Nonetheless, Russians aren’t going into the streets, at least not yet, Shevtsova says. They don’t see an alternative, they are frightened that Russia may fall apart, and they are not sure that such actions could lead to things becoming even worse. As a result, the Kremlin still doesn’t have a lot to fear.
But ever more Russians are talking about Putin’s plans to remain in power for the rest of his life and about a post-Putin future for themselves. And these conversations show that Russians aren’t prepared to put up with Putin forever and that many expect real changes when he leaves the scene one way or another.
Such expectations exist not because anyone thinks Putin can’t orchestrate his successor, Shevtsova continues, but rather because even if as likely that person comes from the security services or in circles close to them, the new leader will likely not continue the Putin line but strike out in a new direction to build his own authority.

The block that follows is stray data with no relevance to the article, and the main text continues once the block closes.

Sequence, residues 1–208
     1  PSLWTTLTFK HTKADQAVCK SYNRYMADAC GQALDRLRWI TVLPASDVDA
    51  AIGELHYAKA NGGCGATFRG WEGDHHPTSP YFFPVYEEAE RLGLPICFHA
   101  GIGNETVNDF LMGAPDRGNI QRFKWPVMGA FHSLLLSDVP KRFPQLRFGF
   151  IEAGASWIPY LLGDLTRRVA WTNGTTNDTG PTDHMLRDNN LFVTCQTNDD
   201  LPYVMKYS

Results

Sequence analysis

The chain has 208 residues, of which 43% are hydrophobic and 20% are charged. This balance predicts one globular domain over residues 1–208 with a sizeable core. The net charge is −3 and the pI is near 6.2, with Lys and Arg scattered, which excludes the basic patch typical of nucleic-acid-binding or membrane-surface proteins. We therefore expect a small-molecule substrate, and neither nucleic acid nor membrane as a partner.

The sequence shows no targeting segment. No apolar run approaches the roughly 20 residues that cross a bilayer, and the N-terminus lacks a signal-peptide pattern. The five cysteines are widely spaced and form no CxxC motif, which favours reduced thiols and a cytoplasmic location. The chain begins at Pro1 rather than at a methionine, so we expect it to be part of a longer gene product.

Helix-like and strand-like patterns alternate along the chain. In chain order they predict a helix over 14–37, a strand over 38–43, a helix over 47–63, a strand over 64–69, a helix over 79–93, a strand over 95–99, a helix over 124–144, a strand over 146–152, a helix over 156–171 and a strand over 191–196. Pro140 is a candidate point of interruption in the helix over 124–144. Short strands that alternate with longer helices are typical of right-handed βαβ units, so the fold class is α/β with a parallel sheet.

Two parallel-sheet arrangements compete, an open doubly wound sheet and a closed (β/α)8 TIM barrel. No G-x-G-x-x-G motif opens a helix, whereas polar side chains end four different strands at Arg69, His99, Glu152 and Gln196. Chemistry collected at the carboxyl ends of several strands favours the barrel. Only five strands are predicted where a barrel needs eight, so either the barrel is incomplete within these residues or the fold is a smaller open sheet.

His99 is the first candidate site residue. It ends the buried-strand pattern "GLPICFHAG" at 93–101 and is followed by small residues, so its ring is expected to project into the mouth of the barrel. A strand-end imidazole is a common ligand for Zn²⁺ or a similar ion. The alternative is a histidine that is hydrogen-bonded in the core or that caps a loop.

“After the departure of Vladimir Putin, politically or biologically,” she argues, “the new power will try to do what all Russian leaders have done during transitions: to strengthen themselves by laying the blame for everything on their predecessor.”
It happened to Stalin; it will almost certainly happen again with Putin even if he names his own man to replace him.